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Published October 14th, 2020
Assessing the financial stability of colleges
Elizabeth LaScala Ph.D. guides college, transfer and graduate school applicants through the complex world of admissions. She helps students choose majors and programs of interest, develops best match college lists, offers personalized essay coaching, and tools and strategies to help students tackle each step of the admissions process with confidence and success. Elizabeth helps students from all backgrounds to maximize scholarship opportunities and financial aid awards. Call (925) 385-0562 or visit Elizabeth at her website (www.doingcollege.com) to learn more.

COVID-19 related stresses are likely to hit hardest those institutions that were already weakened by existing market challenges, such as fewer state revenues earmarked for education and less affluent student populations seeking a college education. The good news is that upwards of 80% of U.S. colleges will not close their doors; but many are going through budget cuts and adjustments. For example, the transition to online learning is not easy or inexpensive.
It pays to do your research into the financial health of schools when putting together a well-matched college list. Since a college's website is designed primarily as a marketing tool to recruit you, they are unlikely to tell you about their financial woes. Instead, ask colleges direct questions and ask for the documentation that backs up the responses - 'trust, but verify' as the saying goes.
Many researchers are working hard to develop tools to evaluate college fiscal health. Dr. Scott Galloway, a professor at NYU, developed his own methodology to show how colleges have been impacted by the pandemic. He assigned each school a rating of `Struggle, Perish, Survive or Thrive'. For those of you who do not want to pour over spreadsheets and tables, some of his basic findings were not surprising. Smaller schools, those with fewer than 1,000 students, less selective schools, those that admit greater than 80% of applicants, and very rural colleges are the most likely to perish or at least struggle.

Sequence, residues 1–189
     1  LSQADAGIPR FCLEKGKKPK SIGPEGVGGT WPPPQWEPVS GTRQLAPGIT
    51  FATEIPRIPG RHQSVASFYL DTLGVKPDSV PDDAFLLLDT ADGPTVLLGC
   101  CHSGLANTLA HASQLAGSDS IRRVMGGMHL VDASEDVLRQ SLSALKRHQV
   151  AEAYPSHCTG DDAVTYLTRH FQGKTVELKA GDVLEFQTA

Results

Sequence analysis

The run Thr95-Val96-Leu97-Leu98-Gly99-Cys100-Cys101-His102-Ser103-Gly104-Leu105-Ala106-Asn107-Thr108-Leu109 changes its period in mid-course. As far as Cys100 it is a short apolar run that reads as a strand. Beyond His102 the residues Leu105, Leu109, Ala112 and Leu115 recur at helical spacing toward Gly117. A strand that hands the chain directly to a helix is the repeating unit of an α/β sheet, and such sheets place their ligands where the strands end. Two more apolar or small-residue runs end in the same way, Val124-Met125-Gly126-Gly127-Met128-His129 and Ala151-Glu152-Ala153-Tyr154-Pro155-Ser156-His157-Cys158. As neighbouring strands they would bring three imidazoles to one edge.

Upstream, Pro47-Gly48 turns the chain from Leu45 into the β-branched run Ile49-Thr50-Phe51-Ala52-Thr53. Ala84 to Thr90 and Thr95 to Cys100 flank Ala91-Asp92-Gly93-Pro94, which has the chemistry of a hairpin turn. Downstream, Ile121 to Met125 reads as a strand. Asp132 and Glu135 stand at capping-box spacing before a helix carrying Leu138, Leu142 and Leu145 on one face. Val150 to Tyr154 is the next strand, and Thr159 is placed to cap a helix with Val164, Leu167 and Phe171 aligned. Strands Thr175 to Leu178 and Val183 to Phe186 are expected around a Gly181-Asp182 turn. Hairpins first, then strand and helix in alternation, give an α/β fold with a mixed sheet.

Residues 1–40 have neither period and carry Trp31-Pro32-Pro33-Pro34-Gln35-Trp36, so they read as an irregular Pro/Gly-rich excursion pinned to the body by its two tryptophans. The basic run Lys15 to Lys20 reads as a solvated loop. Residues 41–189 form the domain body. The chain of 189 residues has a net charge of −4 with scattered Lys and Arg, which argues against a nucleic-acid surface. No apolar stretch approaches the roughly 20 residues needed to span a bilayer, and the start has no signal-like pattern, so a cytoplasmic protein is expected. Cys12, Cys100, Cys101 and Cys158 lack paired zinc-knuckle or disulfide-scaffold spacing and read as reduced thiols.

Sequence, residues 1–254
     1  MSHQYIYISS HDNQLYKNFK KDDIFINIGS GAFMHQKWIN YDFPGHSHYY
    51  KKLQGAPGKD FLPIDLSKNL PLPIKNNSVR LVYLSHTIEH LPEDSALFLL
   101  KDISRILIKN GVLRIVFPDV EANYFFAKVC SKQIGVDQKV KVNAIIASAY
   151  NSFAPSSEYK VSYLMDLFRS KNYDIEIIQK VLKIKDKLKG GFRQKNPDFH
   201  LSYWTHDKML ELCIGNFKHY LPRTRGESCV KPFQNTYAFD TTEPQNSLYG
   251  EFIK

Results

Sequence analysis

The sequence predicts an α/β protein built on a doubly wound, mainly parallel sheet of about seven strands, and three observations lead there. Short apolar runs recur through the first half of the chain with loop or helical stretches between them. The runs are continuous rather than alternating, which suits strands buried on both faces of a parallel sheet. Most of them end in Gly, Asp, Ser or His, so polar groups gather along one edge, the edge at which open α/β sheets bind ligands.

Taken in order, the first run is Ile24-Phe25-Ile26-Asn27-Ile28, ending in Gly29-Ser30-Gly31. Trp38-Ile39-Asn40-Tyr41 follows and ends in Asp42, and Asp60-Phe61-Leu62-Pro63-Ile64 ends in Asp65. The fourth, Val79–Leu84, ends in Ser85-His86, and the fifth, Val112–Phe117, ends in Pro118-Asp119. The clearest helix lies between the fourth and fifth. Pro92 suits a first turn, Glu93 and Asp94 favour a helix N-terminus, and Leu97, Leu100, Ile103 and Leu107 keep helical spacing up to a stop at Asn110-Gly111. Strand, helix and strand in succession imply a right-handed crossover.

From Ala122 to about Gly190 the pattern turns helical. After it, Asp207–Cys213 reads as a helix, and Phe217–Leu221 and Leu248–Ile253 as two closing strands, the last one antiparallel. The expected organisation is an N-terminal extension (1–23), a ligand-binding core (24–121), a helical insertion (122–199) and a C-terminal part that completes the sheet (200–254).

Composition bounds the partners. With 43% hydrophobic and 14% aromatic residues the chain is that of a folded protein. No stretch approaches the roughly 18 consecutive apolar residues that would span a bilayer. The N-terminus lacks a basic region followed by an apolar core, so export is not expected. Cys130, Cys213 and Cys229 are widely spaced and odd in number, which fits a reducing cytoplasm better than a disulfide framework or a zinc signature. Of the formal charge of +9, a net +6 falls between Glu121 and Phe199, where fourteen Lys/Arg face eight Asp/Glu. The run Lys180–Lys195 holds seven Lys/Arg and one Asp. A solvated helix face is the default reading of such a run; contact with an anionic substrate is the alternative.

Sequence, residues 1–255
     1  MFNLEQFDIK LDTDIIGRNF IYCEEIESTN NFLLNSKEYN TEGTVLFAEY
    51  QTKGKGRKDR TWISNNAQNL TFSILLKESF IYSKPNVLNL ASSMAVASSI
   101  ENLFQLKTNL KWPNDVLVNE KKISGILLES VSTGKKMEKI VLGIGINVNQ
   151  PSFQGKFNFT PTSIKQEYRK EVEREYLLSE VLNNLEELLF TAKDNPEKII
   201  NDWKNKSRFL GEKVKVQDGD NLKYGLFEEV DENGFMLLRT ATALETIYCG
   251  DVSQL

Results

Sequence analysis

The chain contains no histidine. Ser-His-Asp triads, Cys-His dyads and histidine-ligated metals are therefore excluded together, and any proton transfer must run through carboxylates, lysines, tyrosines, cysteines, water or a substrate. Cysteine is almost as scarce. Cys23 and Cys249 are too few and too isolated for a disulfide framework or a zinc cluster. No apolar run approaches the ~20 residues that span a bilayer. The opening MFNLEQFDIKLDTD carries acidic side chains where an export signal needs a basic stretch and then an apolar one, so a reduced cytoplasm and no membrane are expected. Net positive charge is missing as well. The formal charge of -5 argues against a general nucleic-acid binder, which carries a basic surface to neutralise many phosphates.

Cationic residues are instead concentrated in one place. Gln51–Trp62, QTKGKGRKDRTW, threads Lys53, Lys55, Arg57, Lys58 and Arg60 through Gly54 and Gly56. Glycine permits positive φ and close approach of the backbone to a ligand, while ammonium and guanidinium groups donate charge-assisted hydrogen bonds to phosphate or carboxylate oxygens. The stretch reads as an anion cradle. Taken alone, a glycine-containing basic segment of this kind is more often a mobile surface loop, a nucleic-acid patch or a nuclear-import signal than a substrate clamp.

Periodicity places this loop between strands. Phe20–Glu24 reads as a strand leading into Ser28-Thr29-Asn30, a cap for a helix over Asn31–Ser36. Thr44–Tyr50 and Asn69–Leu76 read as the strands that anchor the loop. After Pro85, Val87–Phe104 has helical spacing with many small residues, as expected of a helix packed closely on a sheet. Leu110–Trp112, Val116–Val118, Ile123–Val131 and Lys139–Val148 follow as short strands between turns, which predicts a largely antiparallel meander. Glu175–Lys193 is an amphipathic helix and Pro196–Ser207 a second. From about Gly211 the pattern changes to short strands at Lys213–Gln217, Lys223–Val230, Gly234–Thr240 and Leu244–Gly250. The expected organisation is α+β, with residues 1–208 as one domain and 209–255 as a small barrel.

Last year, Forbes introduced a methodology with nine criteria and gave each school a grade. One of the nine measures that is both easy to understand and find is admission yield, the percentage of accepted students who decide to enroll. The higher the yield, the more likely the school will continue to fill a freshman class for years to come. The more selective colleges have very high yields.
Other easy to find and valuable indicators of a college's fiscal viability and educational value include retention rate, the number of students who return as sophomores, and the 4-year graduation rate. I like to see at least a 90% retention rate and at least a 65% graduation rate.
Given most colleges will stay open, at least for the foreseeable future, the budget cuts and readjustments are of greater concern. I like to enter the college's name in a search engine to check out state and local media coverage. Take note if a school is experiencing an operating deficit or announces that it is cutting faculty, graduate student stipends or eliminating programs and majors. Are they cutting the major you plan to select or a program of special appeal to you? I recommend going back to the basics - create a college list that is an academic, social and financial fit. Ask does a school offer sustained evidence of strength in your major(s) of interest, can you imagine making friends with the students who attend, does the location appeal to you and can you afford the college? Addressing these basics, along with the added research into financial viability will keep you on track for college success.

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